The goal of the organization, Wallace said, is to “create a strong, student-centric organization that provides unique and attractive opportunities for exceptional STEM students.” SLS Secretary and biology major Ashley Bowers confirmed that “SLS provides opportunities that otherwise students may not have.” In the future, SLS would like to host events with professionals in the community, to further promote student networking opportunities. As SLS continues to grow, so does their overall mission.

The SLS focuses on recruiting highly qualified incoming STEM freshmen. An initial application is used to provide information on those interested, and then a smaller group is selected for interviews by a faculty panel. The faculty is trying to identify those students who can excel at YSU, as evidenced by the students’ high school grades, participation in extracurricular activities, and teacher’s recommendation.

High school seniors who will be enrolling in a STEM program for Fall 2012 may apply for the SLS no later than March 1, 2012. The round of finalists will be scheduled for an interview on March 17, 2012, and the selected students will be announced by April 1, 2012.

More information on the STEM Leadership society is available on the STEM College website, and an application can be found here.

Art meets Engineering

Bliss Hall is home to the College of Fine and Performing Arts; however, what’s inside is something you may not expect to find: a two-coil induction furnace.

Through a partnership with the Department of Art and College of STEM Mechanical Engineering Technology (MET) program, the Collaborative Learning Laboratory (CoLab) has brought students together for a joint educational experience.

CoLab was founded three years ago when professor and Department of Art Chair, Greg Moring, and Brian Vuksanovich, professor of MET, wanted to see how their disciplines could come together. The result is an expanding partnership.

CoLab is a project where both art and MET students benefit from “hands on experience” Vuksanovich said, as well as work with state of the art equipment. Art students build metal sculptures, and engineering students work on developing machine parts. Art students …”bring their ideas” Moring said, while engineers know …”how to execute the process.”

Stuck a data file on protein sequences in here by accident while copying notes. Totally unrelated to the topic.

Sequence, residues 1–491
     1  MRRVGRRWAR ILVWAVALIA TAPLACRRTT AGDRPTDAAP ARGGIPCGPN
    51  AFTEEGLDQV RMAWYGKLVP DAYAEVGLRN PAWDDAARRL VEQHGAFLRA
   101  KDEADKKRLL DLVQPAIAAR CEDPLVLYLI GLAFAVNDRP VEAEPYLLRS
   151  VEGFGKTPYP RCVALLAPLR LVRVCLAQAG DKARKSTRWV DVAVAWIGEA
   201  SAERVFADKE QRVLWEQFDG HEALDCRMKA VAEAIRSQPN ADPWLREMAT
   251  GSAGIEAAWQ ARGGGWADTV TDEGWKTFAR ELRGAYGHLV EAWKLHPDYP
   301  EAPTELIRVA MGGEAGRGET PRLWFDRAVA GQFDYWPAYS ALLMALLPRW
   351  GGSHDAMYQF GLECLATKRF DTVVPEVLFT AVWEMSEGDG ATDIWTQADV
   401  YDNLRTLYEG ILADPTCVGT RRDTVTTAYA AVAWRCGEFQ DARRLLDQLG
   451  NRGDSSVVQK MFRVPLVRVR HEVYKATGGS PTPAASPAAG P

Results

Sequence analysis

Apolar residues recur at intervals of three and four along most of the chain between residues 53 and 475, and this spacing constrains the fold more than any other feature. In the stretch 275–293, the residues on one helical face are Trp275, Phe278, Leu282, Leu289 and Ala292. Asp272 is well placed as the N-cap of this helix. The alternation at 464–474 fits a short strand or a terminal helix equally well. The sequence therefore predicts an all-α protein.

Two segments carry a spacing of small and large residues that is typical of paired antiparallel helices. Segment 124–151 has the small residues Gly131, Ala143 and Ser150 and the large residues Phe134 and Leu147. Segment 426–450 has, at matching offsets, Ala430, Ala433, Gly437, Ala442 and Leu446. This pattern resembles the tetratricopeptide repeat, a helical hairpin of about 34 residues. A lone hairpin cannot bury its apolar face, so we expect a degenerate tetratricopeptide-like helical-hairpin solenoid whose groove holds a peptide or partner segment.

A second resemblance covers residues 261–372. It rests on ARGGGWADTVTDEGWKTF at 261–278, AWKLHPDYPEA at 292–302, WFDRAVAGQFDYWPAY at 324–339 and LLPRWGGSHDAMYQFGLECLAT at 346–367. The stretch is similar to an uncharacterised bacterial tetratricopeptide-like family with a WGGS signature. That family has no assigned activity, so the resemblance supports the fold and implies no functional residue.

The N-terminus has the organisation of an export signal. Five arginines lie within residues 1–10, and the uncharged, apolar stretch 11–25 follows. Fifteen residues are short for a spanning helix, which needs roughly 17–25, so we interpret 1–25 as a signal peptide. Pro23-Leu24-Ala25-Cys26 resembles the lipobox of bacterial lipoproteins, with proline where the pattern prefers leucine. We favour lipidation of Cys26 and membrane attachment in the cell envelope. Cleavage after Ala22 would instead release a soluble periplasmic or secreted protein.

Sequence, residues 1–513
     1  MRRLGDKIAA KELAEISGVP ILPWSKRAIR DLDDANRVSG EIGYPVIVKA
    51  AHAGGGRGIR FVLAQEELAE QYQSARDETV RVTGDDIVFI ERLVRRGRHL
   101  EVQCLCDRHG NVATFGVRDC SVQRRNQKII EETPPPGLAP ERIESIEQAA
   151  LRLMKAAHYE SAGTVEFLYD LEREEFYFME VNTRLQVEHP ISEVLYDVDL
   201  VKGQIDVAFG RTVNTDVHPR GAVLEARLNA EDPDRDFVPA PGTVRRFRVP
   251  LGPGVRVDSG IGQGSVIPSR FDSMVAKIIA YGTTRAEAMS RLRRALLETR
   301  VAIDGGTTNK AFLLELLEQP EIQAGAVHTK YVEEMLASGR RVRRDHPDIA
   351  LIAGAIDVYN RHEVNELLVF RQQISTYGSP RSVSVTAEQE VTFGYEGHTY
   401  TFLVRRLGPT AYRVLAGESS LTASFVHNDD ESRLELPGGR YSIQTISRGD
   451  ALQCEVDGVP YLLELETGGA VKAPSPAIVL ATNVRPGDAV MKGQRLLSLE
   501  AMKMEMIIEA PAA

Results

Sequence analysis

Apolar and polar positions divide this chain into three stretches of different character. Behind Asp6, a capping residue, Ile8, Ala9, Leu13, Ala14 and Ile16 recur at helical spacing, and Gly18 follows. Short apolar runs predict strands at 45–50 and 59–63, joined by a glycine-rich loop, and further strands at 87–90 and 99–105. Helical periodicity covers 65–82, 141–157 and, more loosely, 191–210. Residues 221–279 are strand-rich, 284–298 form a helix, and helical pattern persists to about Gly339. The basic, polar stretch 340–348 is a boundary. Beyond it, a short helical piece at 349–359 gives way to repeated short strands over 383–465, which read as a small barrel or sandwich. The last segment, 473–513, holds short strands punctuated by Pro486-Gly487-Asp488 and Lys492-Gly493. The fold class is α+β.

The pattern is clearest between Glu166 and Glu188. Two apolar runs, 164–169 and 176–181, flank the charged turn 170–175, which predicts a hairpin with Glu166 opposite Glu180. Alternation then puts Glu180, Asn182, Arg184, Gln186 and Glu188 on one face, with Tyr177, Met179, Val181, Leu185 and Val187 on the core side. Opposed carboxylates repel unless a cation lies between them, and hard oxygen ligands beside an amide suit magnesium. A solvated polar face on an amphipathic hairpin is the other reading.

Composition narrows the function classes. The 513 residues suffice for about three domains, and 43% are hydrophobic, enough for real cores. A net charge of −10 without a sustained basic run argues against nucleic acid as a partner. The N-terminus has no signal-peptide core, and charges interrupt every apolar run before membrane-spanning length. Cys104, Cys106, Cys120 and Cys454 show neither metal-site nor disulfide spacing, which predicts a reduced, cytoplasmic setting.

Since its induction, CoLab has been able to grow due to the generous support of local businesses and YSU.

Ajax Tocco Magnathermic, a Warren based heating induction and melting manufacturer, donated $125,000 towards the $150,000 two-coil furnace. Tom Illencik, President of Ajax Tocco, provided his support to ensure the installation of the two-coil furnace. The additional $25,000 came from contributions by YSU’s Office of the Provost, College of Fine &Performing Arts, and the College of STEM. Crucibles, which are used for molding metals, were donated by Fireline Inc., another Youngstown company. Prior to the new equipment being installed, students worked with a gas-fired furnace that required projects to last up to 90 minutes. Now, with the two-coil furnace, work can be completed in 15-20 minutes.

Even when art and MET students are not collaborating, both programs will be able to have access to the lab. This provides an opportunity for all students to remain engaged throughout the semester.

For F&PA and STEM, CoLab has been a continual success. Bryan DePoy, dean of F&PA conveyed that by partnering F&PA and STEM students…”we support a whole brain experience for those involved. Engineering students can benefit by working with the creativity inherent in artists, while artists can benefit from the sequential thought process valued in engineering.”

STEM Dean Martin Abraham added, “CoLab is an excellent example of interdisciplinary activity.” For students “working together, they learn how to merge their interests, the practicality with the aesthetic.  It’s truly a one-of-a-kind relationship.”

Cushwa Fellows

Three STEM graduate students are taking the next step in their academic aspirations. YSU graduates Kristin Frank, Michael Kovach, and Adam Palumbo are the recipients of the 2011-2012 Cushwa Commercial Shearing Graduate Fellowship. Established in 2003 by the Cushwa family, in cooperation with the YSU Foundation, the Fellowship gives outstanding graduate students real work experience through research and internships (working 20 hours a week for 16 weeks) and lessens the financial burden by granting a $15,000 stipend. For the Fellows, a great deal of their preparation began as an undergraduate.